But just how quickly Israeli politicians can return from the brink will seemingly be tested this winter en masse in a political experiment that sounds more like the pitch for an Israeli reality TV show than electoral strategy. Arutz Sheva is reporting that Tzipi Livni, Ehud Olmert, and Yair Lapid are strongly considering joining forces now that early Knesset elections appear likely—probably some time in February. Olmert was found guilty on one count in the corruption case against him just last month; Livni lost her Kadima party primary in the spring and resigned from the Knesset five months ago; and Lapid, a former journalist, looked ready to make a serious play for the Knesset in April until Prime Minister Benjamin Netanyahu struck a coalition deal (that promptly fell apart) with Kadima in May. All three were written off—at least for the time being.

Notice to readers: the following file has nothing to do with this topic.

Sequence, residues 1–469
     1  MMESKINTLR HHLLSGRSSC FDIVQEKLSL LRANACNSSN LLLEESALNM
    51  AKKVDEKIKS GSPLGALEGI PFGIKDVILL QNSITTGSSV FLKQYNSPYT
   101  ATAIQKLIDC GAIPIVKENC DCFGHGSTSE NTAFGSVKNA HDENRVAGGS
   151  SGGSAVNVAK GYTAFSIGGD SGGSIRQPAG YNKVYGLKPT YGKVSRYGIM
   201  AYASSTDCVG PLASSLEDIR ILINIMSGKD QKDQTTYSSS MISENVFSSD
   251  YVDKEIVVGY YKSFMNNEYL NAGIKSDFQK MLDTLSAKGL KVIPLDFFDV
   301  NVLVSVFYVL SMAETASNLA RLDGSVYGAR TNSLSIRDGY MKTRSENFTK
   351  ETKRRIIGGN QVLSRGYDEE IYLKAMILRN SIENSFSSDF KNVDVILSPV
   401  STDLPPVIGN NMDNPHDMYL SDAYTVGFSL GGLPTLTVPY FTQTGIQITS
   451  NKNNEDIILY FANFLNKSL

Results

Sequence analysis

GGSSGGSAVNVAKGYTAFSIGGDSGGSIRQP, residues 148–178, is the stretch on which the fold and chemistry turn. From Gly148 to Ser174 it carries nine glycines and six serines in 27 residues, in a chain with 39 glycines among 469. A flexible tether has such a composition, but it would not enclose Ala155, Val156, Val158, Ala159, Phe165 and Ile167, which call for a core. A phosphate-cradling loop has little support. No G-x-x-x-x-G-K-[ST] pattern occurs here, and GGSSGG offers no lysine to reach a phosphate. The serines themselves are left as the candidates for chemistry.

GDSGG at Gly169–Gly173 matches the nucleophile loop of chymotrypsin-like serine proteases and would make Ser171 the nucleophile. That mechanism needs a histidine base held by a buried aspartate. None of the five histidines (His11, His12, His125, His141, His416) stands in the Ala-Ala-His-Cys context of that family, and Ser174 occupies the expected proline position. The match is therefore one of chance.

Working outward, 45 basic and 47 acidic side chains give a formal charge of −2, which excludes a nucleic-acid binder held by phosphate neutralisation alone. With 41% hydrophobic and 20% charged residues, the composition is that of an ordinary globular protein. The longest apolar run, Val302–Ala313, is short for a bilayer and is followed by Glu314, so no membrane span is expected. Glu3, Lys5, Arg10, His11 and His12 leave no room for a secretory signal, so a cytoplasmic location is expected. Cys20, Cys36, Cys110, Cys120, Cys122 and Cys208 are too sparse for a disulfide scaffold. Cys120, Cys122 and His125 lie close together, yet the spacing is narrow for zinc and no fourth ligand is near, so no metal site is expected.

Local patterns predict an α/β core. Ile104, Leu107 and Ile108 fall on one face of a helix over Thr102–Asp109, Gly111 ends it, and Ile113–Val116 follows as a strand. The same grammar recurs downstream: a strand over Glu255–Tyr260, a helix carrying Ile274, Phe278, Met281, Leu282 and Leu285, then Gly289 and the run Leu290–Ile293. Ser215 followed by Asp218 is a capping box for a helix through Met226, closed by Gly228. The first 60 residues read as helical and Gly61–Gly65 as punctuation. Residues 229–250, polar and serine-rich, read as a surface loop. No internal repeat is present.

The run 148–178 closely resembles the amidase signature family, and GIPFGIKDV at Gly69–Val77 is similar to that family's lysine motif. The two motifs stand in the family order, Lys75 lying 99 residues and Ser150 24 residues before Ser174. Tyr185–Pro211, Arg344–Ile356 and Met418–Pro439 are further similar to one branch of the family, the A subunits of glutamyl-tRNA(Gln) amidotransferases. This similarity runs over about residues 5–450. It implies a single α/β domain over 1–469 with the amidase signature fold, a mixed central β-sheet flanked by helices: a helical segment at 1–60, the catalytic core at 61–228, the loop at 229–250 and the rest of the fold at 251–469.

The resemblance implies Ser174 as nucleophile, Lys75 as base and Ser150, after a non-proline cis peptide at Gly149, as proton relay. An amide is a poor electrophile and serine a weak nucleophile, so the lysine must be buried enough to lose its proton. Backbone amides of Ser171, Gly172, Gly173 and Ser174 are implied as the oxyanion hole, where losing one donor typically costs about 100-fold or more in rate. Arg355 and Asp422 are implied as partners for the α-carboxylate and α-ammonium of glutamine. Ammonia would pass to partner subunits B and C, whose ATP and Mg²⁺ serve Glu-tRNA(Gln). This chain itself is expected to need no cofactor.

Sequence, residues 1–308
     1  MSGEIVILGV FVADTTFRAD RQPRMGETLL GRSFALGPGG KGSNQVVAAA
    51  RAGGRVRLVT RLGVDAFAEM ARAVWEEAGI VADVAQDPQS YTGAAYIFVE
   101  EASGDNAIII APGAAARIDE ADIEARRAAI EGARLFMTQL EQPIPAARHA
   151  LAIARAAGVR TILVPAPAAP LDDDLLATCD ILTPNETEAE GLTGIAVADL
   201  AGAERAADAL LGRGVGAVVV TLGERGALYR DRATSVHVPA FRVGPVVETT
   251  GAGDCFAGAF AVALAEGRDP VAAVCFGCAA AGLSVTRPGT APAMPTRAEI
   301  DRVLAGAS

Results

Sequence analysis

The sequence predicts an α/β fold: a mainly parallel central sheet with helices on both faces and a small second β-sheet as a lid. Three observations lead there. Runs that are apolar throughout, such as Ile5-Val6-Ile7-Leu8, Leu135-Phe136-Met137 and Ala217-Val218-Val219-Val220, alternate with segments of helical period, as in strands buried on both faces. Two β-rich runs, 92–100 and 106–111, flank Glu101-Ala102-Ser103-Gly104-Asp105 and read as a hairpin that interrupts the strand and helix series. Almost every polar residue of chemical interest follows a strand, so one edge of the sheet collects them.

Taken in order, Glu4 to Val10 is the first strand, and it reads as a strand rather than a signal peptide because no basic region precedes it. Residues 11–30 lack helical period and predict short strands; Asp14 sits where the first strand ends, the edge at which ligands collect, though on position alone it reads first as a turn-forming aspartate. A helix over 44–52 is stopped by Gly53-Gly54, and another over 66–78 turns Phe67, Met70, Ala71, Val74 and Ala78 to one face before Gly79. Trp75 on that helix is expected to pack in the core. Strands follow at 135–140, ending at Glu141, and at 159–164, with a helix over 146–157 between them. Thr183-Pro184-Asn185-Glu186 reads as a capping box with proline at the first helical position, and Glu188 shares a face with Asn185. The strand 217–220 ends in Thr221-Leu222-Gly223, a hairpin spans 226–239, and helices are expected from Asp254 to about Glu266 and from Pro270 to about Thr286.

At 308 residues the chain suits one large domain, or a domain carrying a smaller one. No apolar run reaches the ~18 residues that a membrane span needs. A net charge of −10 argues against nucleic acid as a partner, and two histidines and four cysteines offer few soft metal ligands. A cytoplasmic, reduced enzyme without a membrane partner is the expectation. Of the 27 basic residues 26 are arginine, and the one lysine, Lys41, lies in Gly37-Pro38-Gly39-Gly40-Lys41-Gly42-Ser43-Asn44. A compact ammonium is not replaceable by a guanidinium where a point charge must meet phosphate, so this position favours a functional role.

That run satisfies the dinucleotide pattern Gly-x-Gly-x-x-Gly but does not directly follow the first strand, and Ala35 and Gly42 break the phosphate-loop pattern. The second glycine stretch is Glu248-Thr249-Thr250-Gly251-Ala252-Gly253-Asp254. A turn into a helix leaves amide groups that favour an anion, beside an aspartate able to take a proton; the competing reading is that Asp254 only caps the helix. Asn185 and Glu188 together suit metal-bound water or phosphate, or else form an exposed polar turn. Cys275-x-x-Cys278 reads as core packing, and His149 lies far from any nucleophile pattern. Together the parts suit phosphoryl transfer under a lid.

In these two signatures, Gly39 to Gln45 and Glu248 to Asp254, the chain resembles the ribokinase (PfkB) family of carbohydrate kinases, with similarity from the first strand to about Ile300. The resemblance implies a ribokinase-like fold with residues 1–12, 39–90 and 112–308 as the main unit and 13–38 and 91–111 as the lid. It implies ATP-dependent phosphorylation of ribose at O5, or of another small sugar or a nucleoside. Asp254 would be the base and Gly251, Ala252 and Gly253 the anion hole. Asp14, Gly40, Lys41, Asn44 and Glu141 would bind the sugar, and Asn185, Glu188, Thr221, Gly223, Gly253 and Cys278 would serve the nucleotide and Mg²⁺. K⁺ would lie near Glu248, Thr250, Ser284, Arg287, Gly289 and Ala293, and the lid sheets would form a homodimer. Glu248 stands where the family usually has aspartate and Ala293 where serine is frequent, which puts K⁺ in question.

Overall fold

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Parliamentary democracy makes for strange alliances, and nowhere is this truer than Israel. Minor parties hold disproportionate sway, and the fragmentation of party politics means that even the largest parties rarely even get halfway to the number of Knesset seats they need to form a governing coalition. The other hard and fast rule of Israeli politics is that is that careers are never over; unlikely comebacks are a staple of the country’s political sphere, and often happen more quickly than expected.

But just how quickly Israeli politicians can return from the brink will seemingly be tested this winter en masse in a political experiment that sounds more like the pitch for an Israeli reality TV show than electoral strategy. Arutz Sheva is reporting that Tzipi Livni, Ehud Olmert, and Yair Lapid are strongly considering joining forces now that early Knesset elections appear likely—probably some time in February. Olmert was found guilty on one count in the corruption case against him just last month; Livni lost her Kadima party primary in the spring and resigned from the Knesset five months ago; and Lapid, a former journalist, looked ready to make a serious play for the Knesset in April until Prime Minister Benjamin Netanyahu struck a coalition deal (that promptly fell apart) with Kadima in May. All three were written off—at least for the time being.